Sustainable Procurement

Sustainable Procurement in World’s Manufacturing Firms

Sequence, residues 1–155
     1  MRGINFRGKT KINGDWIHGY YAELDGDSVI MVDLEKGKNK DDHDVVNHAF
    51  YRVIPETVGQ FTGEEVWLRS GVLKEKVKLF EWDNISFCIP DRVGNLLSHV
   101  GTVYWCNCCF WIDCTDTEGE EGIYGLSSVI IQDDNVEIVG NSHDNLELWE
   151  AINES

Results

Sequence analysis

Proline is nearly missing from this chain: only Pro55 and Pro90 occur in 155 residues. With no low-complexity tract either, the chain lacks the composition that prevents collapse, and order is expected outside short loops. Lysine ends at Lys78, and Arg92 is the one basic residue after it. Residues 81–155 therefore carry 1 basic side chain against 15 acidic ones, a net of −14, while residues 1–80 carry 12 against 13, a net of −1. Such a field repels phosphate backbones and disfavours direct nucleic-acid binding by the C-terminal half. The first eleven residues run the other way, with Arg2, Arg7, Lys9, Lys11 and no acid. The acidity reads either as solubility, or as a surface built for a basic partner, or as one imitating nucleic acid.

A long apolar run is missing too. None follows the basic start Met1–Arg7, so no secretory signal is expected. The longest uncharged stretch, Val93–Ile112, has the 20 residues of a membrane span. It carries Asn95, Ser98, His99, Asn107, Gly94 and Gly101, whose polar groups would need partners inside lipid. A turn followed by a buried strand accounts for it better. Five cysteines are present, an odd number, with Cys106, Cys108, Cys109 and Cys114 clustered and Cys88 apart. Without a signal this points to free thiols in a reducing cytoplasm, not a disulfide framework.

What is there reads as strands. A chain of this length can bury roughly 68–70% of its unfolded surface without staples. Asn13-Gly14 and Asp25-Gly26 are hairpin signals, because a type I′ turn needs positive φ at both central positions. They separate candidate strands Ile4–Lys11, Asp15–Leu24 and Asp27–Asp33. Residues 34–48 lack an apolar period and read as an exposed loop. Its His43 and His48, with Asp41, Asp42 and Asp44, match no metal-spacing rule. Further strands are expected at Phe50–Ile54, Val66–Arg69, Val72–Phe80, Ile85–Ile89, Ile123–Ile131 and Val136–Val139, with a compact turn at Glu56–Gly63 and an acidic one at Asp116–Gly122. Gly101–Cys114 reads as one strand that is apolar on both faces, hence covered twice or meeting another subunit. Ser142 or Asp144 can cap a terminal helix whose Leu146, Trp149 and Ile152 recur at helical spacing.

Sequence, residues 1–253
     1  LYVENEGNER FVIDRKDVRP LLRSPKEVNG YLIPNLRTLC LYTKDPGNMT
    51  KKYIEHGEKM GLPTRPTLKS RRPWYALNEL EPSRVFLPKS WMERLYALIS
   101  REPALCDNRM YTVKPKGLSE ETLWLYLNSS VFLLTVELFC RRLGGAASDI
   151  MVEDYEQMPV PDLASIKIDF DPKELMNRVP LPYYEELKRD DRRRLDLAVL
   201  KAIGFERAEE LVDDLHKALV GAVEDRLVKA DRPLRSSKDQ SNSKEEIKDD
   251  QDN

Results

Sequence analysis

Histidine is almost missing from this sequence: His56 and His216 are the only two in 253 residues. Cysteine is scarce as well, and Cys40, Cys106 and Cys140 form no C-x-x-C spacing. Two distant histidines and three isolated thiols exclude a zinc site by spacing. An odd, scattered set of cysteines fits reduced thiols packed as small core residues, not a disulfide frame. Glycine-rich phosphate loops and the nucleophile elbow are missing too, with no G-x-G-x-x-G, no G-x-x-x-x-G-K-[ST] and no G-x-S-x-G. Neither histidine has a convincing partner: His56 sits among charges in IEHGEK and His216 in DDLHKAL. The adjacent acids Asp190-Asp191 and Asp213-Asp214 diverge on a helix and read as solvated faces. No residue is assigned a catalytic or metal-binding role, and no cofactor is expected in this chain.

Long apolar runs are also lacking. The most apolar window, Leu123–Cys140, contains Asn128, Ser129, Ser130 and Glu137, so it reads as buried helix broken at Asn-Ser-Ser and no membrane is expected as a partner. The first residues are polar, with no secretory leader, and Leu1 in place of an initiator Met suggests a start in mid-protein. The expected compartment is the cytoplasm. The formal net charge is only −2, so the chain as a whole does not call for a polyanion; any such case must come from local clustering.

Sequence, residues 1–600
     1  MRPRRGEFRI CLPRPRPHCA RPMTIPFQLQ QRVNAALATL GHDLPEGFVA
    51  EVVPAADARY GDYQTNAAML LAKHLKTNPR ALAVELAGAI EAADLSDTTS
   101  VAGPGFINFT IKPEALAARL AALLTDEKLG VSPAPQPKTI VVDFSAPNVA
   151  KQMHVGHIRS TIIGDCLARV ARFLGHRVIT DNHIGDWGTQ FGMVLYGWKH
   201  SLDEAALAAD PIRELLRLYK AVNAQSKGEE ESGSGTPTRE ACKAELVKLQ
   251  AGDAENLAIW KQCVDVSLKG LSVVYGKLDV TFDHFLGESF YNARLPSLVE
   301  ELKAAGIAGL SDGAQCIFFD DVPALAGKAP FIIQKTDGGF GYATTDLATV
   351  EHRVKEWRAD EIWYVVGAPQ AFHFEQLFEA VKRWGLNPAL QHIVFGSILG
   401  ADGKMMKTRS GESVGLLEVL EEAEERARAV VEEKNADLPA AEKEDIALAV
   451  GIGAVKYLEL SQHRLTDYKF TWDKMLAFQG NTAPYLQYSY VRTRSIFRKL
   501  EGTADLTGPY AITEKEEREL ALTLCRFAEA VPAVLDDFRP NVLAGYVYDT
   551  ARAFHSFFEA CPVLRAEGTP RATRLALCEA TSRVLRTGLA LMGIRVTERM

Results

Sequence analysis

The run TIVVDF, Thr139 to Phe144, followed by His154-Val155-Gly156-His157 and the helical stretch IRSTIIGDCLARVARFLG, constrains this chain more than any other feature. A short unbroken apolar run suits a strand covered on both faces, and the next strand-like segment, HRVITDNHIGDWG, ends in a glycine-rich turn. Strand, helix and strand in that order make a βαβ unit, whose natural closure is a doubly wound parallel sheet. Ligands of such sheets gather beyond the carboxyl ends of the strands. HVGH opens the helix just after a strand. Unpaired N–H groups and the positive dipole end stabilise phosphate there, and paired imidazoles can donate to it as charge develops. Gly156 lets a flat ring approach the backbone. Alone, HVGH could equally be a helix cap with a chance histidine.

Sustainable procurement is an act derived from the arising issue of the traditional production methods and how these methods related to the adjacent environment. In traditional systems, the interaction of the production systems and the environment was detrimental to the environment since most of the manufacturers were so inclined to the amount of profit disregarding the effect the process was had on the environment (Lakatos et al., 2018). As a result, most of the environment in direct contact with the manufacturing processes showed damaged signs as a result of the pollution occurring from the poor waste management methods. To curb the hazardous effect, Lakatos et al. (2018) offer that most of the countries set policies that governed waste management in the manufacturing industries ensuring that, all the manufacturing firms followed these policies as an abidance to the ethical methods of operation. For beneficial impact among leaders of the manufacturing firms, awareness stands as a pivotal point connecting the leaders to desired results from the assimilation of sustainability in manufacturing procurement of resources. This is the effort of explaining the aspects of sustainability within the manufacturing industry and the effects it would have if sustainability lacked in the system. This information sets the different management in line to implement and adhere to sustainable methods of operation because they are fully aware of the consequences otherwise.